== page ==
Here are the two blocks I have made so far. 

I figured out this week that I probably do not have enough of the gray Michael Miller hashdot fabric and have been checking with local quilt stores to no avail.  If a Canadian Store near you has a yard of this fabric, please let me know and I will order it!

I attended a quilting workshop today taught by Mary Elizabeth Kinch on Zoom. I met Mary Elizabeth several years ago at the Beaver Island Quilt Retreat that Gwen Marston used to run. Mary Elizabeth is in love with making large quilts out of tiny pieces and today's class was an introduction to her methods for cutting and sewing small pieces of fabric. The finished quilt, Summerhill, will include 4 blocks as well as a pieced border. We made a start on the four blocks today and here is the result of my day of sewing.

I am digging into my cool solid scraps for this quilt and throwing in some red-violet scraps for fun. Stay tuned for more progress on these blocks. 

My blackwork project is moving right along--I'm working on the 5th colourful square now.  My daughter is also stitching along on her landscape and the honeycomb.  

I have 4 sets of four blocks cut out for my lupin quilt and hope to sew these this coming week.  As you know, the cutting takes quite a while!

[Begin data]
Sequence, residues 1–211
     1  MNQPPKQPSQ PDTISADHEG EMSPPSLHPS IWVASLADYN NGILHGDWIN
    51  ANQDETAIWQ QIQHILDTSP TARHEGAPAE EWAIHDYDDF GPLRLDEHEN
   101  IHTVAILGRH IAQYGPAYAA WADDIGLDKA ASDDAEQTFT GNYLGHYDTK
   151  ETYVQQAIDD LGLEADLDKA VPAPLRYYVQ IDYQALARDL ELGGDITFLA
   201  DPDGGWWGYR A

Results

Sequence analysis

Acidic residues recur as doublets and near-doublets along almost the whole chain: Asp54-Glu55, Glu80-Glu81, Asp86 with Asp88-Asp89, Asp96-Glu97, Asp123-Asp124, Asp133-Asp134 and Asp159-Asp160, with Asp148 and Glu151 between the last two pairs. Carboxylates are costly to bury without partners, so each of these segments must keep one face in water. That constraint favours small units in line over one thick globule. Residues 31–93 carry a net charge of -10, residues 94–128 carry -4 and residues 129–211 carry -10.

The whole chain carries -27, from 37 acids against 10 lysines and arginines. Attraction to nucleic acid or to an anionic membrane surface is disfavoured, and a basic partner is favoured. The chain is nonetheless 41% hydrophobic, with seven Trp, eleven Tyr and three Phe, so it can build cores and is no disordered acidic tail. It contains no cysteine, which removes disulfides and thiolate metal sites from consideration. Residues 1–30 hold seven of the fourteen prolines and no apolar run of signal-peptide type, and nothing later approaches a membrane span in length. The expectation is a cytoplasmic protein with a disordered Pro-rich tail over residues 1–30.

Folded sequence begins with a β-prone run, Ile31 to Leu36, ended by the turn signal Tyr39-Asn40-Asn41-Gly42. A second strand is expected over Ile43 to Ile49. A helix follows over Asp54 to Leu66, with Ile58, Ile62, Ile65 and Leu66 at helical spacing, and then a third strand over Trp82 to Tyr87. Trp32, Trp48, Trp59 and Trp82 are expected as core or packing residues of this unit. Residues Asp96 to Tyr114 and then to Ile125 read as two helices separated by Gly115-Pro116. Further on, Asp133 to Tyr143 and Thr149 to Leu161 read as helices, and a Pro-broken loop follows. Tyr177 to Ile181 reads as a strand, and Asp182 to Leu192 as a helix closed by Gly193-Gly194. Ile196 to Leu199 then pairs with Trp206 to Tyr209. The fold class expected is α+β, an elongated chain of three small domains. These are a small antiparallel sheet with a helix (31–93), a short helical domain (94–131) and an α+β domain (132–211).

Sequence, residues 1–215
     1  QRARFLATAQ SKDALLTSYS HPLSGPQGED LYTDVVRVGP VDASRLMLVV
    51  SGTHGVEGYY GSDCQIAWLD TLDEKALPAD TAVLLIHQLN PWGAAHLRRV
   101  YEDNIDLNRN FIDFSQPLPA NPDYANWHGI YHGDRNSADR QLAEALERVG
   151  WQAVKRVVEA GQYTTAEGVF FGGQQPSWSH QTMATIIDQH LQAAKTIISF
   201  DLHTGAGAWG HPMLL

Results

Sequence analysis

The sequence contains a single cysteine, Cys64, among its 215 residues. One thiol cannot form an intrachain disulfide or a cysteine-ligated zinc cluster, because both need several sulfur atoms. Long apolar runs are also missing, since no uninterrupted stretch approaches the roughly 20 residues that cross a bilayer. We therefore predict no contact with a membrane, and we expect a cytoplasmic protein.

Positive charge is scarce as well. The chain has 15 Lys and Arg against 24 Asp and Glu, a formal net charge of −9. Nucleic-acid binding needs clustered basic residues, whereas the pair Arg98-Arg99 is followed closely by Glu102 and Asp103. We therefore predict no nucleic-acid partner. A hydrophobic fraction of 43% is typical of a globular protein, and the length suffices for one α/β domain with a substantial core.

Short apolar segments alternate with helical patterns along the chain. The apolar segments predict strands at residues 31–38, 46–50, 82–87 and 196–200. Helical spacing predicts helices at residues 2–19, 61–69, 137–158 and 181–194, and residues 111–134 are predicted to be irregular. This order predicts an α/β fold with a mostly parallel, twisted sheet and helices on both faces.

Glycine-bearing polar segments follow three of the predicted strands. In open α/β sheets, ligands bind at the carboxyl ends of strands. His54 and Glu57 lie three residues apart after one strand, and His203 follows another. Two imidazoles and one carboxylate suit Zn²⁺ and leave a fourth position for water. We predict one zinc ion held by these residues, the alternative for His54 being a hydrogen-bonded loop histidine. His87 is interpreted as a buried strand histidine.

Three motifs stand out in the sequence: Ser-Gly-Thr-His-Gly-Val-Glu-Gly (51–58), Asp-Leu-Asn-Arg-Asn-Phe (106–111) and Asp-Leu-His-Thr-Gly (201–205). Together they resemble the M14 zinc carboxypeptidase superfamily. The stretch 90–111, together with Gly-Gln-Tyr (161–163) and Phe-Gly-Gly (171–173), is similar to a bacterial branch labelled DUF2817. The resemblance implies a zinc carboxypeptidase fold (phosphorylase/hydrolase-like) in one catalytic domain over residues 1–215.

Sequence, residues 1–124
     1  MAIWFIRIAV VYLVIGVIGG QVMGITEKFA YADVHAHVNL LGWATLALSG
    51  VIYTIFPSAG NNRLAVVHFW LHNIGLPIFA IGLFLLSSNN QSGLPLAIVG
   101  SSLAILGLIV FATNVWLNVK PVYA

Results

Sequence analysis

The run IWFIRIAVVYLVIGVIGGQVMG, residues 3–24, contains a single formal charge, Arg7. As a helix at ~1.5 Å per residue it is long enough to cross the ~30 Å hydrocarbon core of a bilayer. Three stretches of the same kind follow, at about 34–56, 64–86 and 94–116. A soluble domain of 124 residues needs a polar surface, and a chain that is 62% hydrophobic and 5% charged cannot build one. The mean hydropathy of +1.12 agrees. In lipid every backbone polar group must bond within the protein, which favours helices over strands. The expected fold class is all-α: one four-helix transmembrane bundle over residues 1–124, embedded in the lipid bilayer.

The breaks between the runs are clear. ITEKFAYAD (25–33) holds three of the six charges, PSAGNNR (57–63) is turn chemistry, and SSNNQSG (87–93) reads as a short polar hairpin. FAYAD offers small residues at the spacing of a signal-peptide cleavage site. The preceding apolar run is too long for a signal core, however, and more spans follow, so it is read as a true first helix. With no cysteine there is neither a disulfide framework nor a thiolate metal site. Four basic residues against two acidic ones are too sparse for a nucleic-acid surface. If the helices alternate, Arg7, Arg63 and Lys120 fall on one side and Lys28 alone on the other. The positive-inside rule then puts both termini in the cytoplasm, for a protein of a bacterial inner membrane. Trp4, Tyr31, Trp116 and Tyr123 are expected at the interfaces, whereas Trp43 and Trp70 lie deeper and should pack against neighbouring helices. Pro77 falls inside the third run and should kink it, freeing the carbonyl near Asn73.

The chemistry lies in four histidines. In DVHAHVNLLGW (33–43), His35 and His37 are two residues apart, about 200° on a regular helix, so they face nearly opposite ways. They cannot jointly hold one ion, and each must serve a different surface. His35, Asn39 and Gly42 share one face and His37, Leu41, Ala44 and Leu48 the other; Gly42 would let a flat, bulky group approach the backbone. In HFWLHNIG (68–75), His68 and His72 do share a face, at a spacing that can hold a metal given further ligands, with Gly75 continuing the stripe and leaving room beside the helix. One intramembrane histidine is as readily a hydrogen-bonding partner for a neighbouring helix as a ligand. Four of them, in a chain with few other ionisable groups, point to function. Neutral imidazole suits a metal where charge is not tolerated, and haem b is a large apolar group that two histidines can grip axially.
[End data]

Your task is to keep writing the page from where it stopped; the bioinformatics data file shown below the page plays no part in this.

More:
My husband and I went for a walk by Lake Erie today before supper and came across a large flock of seagulls taking to the air. 

I will be linking up with Kathy in the morning for the weekly Slow stitching party at her blog. If you would like to read the story of my music challenge quilt, you can read it here

Friday, October 23, 2020

Thank You for the Music (Music Challenge Quilt)

About a year ago, the Elgin Piecemakers Guild issued a challenge:  create a quilt that depicts a song.  We were given a piece of fabric with musical notes on it that we were to use in our quilts. The quilts were to be revealed last Spring but we were unable to meet at that time so there was an extension on the deadline.  We have now shown our quilts to each other so I can finally do a blogpost on my music challenge quilt. 

When I think of music, my first thoughts turn to my dad.  He played the fiddle from when he was a small lad taking lessons in Scotland until he died at 88 years old a couple of years ago.  Dad played by ear--if he heard a tune he liked, he could just pick up his fiddle and play it.  He had a huge repertoire of songs that he knew and would often take requests at various family events, dances, concerts or at the retirement home where he spent his final years.  He was a member of various music groups and bands over the years and I have tapes and cd's of him playing.  Sadly, the music gene did not pass on to me -I enjoy music but can't play a musical instrument or sing well enough for anyone to want to listen to me for long. 

When choosing the song I wanted to depict in my quilt, my first thought was ABBA's "Thank you for the Music", specifically, the chorus:

    So I say